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Atherosclerosis. 2008 May;198(1):1-11. doi: 10.1016/j.atherosclerosis.2008.01.001. Epub 2008 Mar 17.

Gilbert syndrome, UGT1A1*28 allele, and cardiovascular disease risk: possible protective effects and therapeutic applications of bilirubin.

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  • 1Clinical Research, Wilford Hall Medical Center, San Antonio, TX 78236, USA. Harvey.Schwertner@LACKLAND.AF.MIL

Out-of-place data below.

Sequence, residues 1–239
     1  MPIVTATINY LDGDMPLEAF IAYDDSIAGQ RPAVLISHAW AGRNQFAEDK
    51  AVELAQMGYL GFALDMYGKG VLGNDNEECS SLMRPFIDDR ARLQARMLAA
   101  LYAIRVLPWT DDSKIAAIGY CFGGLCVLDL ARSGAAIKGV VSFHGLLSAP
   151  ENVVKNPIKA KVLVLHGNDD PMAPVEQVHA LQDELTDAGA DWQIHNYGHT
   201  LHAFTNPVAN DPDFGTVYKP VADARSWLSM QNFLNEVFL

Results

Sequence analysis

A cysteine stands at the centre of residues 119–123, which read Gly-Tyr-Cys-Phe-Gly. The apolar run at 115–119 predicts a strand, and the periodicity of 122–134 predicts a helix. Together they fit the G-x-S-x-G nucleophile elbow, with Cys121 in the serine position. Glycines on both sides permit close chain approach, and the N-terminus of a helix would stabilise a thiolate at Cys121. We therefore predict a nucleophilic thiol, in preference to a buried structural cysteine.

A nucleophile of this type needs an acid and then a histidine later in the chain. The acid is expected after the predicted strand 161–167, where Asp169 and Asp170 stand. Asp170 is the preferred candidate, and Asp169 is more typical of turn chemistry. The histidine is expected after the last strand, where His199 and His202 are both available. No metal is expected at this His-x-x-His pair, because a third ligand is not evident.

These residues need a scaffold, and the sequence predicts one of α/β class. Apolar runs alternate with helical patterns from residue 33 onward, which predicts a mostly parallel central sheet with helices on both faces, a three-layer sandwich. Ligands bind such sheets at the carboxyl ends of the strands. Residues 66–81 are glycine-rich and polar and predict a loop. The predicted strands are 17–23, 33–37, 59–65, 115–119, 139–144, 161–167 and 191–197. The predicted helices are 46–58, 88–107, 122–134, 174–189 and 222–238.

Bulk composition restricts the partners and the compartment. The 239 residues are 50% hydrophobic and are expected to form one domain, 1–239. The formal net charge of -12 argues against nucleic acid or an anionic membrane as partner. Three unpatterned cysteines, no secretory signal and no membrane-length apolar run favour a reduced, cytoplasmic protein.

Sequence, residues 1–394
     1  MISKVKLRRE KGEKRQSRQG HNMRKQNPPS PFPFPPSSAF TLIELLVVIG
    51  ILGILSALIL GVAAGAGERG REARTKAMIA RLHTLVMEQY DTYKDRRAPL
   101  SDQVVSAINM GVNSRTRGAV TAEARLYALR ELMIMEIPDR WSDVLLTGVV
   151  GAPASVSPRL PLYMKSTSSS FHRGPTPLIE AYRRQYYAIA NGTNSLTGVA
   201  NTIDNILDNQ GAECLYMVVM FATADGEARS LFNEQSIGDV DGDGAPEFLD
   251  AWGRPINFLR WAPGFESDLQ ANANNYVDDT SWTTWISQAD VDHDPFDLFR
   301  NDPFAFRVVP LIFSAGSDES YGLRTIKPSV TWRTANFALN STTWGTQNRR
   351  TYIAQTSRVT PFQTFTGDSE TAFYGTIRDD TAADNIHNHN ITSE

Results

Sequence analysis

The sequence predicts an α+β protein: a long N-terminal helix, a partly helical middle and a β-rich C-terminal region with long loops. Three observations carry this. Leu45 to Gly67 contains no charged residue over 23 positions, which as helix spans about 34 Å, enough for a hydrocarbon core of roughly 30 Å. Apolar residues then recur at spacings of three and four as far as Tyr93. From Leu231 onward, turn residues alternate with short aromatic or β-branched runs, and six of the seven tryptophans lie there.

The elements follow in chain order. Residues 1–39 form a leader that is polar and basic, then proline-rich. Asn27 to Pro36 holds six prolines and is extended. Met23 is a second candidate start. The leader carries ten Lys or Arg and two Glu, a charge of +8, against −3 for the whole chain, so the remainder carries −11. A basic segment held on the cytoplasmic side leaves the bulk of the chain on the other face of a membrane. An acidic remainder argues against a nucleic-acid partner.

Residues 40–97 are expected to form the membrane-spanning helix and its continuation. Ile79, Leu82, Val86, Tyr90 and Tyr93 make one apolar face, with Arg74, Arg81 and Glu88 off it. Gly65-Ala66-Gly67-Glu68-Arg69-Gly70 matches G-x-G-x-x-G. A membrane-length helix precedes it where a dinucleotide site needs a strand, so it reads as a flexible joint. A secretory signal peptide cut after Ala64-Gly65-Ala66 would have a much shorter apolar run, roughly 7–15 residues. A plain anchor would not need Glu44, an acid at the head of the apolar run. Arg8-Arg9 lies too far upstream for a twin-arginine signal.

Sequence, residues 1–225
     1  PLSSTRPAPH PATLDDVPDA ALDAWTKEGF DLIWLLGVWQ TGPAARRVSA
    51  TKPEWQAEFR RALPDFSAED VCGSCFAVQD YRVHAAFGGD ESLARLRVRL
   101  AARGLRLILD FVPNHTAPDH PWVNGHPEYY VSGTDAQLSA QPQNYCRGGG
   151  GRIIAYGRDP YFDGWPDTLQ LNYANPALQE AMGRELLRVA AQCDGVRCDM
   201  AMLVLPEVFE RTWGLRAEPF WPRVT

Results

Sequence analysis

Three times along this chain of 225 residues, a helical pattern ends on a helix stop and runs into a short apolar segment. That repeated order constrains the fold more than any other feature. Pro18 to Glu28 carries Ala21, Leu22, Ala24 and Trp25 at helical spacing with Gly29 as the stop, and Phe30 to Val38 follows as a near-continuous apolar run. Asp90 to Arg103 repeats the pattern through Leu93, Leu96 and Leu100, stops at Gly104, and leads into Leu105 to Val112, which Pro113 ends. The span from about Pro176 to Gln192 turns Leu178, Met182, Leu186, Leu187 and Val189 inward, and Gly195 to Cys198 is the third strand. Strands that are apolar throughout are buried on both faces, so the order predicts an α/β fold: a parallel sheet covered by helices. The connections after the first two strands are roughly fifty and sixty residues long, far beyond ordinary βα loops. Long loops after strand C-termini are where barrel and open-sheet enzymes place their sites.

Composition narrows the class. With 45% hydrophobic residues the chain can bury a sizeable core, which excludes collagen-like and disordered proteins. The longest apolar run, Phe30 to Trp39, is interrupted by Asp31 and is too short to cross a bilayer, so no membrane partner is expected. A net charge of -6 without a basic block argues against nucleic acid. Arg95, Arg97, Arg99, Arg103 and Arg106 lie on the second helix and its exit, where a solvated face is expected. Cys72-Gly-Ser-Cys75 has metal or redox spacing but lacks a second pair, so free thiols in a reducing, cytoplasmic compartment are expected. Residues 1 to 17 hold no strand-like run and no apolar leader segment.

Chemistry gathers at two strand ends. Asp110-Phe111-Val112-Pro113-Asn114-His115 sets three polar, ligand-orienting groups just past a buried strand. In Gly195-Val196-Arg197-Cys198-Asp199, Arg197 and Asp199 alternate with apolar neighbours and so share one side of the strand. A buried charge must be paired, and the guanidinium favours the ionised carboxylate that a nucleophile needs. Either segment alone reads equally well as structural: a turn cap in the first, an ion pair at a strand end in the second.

Serum bilirubin has been shown to be inversely related to cardiovascular disease (CVD) in both retrospective and prospective studies. Meta-analysis of existing studies has also confirmed that serum bilirubin concentrations are inversely related to CVD. Less information is known about the protective effects of slightly elevated serum bilirubin concentrations. In this review, we will focus primarily on the association of serum bilirubin and CVD and the possible protective roles of bilirubin, heme oxygenase (HO), and bilirubin UDP-glucuronosyltransferase (UGT1A1). HO and biliverdin reductase control the formation of bilirubin, whereas UGT1A1 controls bilirubin conjugation and clearance. Because of the health and therapeutic implications of slightly elevated serum bilirubin concentrations, we will discuss the recent prospective studies on cardiovascular risk in individuals with Gilbert syndrome (GS) as well as those with the UGT1A1*28 allele. Such individuals have decreased hepatic bilirubin UDP-glucuronosyltransferase activity, decreased bilirubin clearance, and increased serum bilirubin concentrations. Lastly, we will discuss some of the therapeutic approaches that could be used to increase serum bilirubin concentrations to prevent CVD and other oxidative and inflammatory diseases.

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